Will Republicans learn the limits of oppositional politics?
"All politics is local," was the famed dictum of the legendary House Speaker Tip O'Neill.
O'Neill hailed from an age when lawmakers had a more intimate relationship with the voters who sent them to Washington and were also more willing to cut deals with their partisan adversaries.
Nowadays, however, it would seem that all politics is oppositional.
The Republican healthcare debacle is but another reminder of how a solutions-based politics has given way to a protest-based politics, how for many lawmakers in Washington it has primarily become a negative pursuit.
For the best part of a decade, the GOP revelled in its success as the Party of No, obstructing and paralysing Barack Obama's legislative agenda.
Rather than paying a penalty at the polls for its blocking strategy, it was rewarded. It retained control of the House of Representatives from 2011 to the present day, and became the majority party in the Senate at the 2014 mid-term elections.
Its wrecking tactics also helped create a rubble-strewn path for Donald Trump's insurgent presidential campaign. So badly was Washington broken, became his refrain, only an outsider could fix it.
As the new president discovered last week, however, sections of the Party of No remain the Party of No.
House Speaker Paul Ryan candidly conceded as much last Friday. "We were a 10-year opposition party," he said, dejectedly. "Being against things was easy to do."
Representative Tom Rooney of Florida, who before entering Congress in 2009 served as a military lawyer, delivered an even more withering assessment of his own party.
"I've been in this job of eight years," he told The Atlantic, "and I'm wracking my brain to think of one thing our party has done that's been something positive, that's been something other than stopping something else from happening."
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Rather than lash out at the Democrats, as the president did, Paul Ryan put this humiliating defeat down to the GOP making a painful transition from opposition to government.
But the problem is not so easily explained away. This is not transitory. The DNA of the GOP has changed. No longer does it operate as a conventional, cohesive party.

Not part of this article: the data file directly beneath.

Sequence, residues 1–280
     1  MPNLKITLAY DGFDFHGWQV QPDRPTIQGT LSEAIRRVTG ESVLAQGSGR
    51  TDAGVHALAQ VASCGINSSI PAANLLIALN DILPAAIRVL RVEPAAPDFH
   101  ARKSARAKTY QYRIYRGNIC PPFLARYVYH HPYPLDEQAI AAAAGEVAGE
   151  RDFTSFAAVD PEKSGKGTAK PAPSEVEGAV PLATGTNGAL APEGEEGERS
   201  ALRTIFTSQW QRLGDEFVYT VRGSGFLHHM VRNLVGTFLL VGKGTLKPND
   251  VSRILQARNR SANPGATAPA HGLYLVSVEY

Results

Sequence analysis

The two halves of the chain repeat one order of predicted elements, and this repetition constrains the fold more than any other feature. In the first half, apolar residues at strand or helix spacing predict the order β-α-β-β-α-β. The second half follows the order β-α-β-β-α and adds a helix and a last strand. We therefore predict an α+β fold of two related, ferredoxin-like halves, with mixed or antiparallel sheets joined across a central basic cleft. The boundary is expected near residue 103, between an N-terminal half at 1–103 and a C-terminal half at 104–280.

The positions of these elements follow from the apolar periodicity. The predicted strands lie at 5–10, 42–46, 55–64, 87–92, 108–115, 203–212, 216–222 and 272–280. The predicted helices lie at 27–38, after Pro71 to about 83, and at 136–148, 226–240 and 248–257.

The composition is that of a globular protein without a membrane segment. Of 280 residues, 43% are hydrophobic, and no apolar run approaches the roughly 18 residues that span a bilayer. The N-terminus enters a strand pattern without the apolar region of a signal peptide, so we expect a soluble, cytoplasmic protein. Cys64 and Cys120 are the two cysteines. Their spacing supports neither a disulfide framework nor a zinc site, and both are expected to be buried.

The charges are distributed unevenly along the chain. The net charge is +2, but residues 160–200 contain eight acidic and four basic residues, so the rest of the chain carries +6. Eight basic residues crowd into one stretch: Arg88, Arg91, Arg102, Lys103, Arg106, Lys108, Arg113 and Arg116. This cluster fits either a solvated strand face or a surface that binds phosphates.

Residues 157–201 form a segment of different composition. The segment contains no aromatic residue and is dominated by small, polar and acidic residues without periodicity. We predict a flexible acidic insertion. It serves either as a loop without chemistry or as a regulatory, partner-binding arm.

Rather it is acting more like a protest movement. The inability of the Republican Congress to advance the Trump administration's legislative agenda will be a recurring problem.
Part of the Republican dilemma, obviously, is arithmetic. The Freedom Caucus, this dissident rump of ideological hardliners that neither Trump nor Ryan could corral, has enough members to cancel out the party's 20-plus seat majority in the House.
But the problem posed by the Freedom Caucus is also attitudinal and ideological. Being part of government will not automatically alter its obstructionist modus operandi, because the 30 or so lawmakers who comprise its membership are so mistrustful of government.
Many were elected during the 2010 Tea Party rebellion, and arrived in Washington seeking to upend the city.
As they showed last week, they are much more than pebble-throwers. They can hurl a wrecking ball at Trump's presidency.
It explains Thursday's extraordinary tweet, which doubled as a declaration of war: "The Freedom Caucus will hurt the entire Republican agenda if they don't get on the team, & fast. We must fight them, & Dems, in 2018!"
Because of the checks and balances hard-wired into the US system, a well-organised minority has always been able to thwart the majority, especially in the Senate.
Just recall the immense power of the Southern Caucus in the Democratic Party for much of the last century. This well-disciplined rump of diehard segregationists kept the Jim Crow system of racial apartheid in place until the mid-1960s.
Its members turned the Senate into what William S White of the New York Times memorably described in the mid-1950s as "the South's unending revenge upon the North for Gettysburg".